Element Miner Overview
The Element Miner allows a user to drill down and find an element using specialized syntax. This proprietary, function-based language was developed by our Data Science team to leverage the power of our Machine Learning Engine.
One of the greatest benefits of using AI/ML is the millions of data points collected from an application. Element Miner digs into this abundance of data to correctly identify elements. Leverage the power of the Functionize ML Engine to find elements with greater accuracy than traditional selector-based approaches.
This means that a Functionize tests run with much higher accuracy than traditional selector-based approaches, which find elements based on a single or a handful of element attributes such as Xpath or CSS selectors.
The Element Miner takes element recognition to the next level as it allows a user to select elements based on a more granular set of parameters. Unlike selectors that use unique attributes (e.g., finding the element based on a specific ID), a user can use an attribute that has multiple matching elements. In this case, Functionize uses machine learning on top of the Element Miner to find the best matching element.
This allows you to be more granular with what you’re looking for, but handle complex scenarios like these:
- Finding an element based on its relative position in a group of similar elements, like looking for text that is near the element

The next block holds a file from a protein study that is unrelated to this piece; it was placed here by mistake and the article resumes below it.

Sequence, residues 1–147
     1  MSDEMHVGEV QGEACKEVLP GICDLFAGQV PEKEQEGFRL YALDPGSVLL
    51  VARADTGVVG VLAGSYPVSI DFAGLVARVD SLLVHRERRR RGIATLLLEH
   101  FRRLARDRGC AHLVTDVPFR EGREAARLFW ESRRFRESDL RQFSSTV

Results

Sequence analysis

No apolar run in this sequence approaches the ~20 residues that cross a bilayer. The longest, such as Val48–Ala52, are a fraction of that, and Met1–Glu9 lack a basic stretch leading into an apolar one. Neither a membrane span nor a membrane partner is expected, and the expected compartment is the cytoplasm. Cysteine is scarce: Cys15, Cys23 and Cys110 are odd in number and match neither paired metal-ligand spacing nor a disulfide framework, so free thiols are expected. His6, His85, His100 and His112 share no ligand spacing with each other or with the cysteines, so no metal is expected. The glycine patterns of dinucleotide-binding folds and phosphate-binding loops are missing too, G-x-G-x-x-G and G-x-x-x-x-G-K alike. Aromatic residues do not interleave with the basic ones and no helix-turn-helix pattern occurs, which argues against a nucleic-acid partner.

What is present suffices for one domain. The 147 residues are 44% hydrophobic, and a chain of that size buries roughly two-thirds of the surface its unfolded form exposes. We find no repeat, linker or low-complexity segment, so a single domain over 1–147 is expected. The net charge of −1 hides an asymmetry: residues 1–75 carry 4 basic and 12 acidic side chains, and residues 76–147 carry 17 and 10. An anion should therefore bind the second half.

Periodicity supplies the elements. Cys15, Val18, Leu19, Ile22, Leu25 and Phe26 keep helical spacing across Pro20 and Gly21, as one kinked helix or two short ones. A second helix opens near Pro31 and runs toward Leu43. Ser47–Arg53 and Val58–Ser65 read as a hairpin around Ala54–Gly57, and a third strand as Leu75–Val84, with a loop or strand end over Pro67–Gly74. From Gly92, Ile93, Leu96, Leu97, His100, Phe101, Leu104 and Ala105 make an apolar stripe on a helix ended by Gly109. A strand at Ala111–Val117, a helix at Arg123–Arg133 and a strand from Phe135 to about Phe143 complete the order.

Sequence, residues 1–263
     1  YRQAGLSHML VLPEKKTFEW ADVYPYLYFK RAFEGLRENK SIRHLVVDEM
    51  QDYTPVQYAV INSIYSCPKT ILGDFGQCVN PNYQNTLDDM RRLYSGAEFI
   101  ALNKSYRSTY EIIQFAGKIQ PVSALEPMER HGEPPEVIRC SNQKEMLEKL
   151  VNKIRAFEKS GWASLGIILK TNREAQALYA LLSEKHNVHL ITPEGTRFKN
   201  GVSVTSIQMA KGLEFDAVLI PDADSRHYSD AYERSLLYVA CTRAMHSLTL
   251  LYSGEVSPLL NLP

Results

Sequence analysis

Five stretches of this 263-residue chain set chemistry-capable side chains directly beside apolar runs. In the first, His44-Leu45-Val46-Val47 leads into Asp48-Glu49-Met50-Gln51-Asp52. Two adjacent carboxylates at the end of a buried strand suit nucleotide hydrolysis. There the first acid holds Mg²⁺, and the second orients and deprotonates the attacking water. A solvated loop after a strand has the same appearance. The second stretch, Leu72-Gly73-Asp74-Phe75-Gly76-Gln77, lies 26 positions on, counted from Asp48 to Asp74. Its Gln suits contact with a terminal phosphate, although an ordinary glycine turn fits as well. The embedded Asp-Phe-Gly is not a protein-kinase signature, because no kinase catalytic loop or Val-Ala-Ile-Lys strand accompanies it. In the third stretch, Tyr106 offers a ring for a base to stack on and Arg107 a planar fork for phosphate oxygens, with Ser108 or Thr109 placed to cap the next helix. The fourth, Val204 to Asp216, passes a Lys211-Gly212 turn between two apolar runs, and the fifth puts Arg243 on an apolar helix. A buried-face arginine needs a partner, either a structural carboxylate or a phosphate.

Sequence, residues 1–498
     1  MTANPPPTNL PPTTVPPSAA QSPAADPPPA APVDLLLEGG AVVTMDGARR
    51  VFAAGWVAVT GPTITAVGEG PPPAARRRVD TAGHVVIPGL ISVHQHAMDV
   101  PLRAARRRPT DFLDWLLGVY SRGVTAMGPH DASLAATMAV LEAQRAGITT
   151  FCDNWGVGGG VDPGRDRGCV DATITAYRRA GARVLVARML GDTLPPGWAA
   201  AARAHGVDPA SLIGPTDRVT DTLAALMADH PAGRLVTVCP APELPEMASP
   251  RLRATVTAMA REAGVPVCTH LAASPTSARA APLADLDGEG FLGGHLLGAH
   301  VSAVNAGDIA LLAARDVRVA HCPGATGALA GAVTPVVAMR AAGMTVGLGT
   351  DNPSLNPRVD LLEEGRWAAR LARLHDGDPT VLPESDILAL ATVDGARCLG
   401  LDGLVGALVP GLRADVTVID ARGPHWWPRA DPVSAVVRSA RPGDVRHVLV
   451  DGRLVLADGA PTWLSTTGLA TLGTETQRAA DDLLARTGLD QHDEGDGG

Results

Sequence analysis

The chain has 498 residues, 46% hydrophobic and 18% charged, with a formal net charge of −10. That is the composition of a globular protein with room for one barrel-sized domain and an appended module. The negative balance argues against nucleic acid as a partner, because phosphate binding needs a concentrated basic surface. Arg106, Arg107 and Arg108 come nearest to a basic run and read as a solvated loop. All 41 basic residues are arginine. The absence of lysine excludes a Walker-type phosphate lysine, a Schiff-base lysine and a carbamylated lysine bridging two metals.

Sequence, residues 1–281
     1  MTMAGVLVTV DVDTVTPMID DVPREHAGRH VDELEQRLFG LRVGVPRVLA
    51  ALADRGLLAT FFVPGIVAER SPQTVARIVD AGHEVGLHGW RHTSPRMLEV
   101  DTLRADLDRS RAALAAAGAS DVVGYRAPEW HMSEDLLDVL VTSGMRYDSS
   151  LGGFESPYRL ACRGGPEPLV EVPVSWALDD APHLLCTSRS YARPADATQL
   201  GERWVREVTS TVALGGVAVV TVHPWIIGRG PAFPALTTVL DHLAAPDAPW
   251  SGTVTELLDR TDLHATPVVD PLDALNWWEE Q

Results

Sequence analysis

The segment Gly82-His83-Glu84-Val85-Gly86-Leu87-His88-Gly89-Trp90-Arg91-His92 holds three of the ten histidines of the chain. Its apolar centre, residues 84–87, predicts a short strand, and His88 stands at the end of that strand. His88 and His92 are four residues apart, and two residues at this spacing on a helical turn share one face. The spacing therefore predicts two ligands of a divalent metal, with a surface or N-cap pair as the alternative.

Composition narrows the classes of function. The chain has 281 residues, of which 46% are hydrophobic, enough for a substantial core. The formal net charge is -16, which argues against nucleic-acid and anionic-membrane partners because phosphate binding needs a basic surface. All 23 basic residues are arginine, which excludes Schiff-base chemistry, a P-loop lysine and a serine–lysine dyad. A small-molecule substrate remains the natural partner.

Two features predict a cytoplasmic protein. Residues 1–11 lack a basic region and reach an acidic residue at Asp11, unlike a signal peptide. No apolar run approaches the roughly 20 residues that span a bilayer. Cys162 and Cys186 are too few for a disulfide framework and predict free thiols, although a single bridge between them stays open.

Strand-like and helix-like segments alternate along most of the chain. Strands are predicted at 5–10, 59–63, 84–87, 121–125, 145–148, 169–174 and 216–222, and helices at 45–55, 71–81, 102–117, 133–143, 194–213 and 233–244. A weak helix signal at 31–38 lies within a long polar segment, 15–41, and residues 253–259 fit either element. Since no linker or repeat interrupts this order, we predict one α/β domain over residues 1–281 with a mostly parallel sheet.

- Finding an element based on the page structure, so based on how many siblings or parents an element has in the DOM
Note: Element Miner is a feature that is available to all users. It can found on the Advanced tab of the Action details on the Test Detail page and Slider View. Try it out and give us feedback at firstname.lastname@example.org.
Element Miner Details
The Element Miner is used to constrain the element selection model using definitions and rules/commands. The idea is to have a tool that runs constraint commands that will reduce the search space of the model and increase accuracy.
The following are commands defined in the Element Miner model:
Applies attribute-value correlation; this matches a command to HTML attributes from elements in the DOM.
list_rules is given as a comma-separated list of
attribute=value rules or
attribute?value for the CONTAINS operator. Example:
attribute(CL=main-menu, TV="User name", role=menu)
The CONTAINS operator
? is less strict as we return all nodes whose attribute matches the argument. For example
attribute(TV?"app") will match both
The string value can be given without quotes if it does not have spaces, and quotes are required if the value is a string with spaces.
The comma separation implies an
AND operator. In the example above, we can translate that command as follows: we want an element with attribute
TV="User name" and
We can list attribute-value pairs using the
|, for example:
attribute(CL=main-menu| TV="User name"| role=menu)
or list them using combinations:
attribute(CL=main-menu, TV="User name"| TV="name" | TV="email", role=menu, TN=DIV)
You can have several lines of code commands, for example:
attribute(TV="User name"| TV="name" | TV="email")
where each line groups a set of attribute-value rules and concatenates the groups using an implicit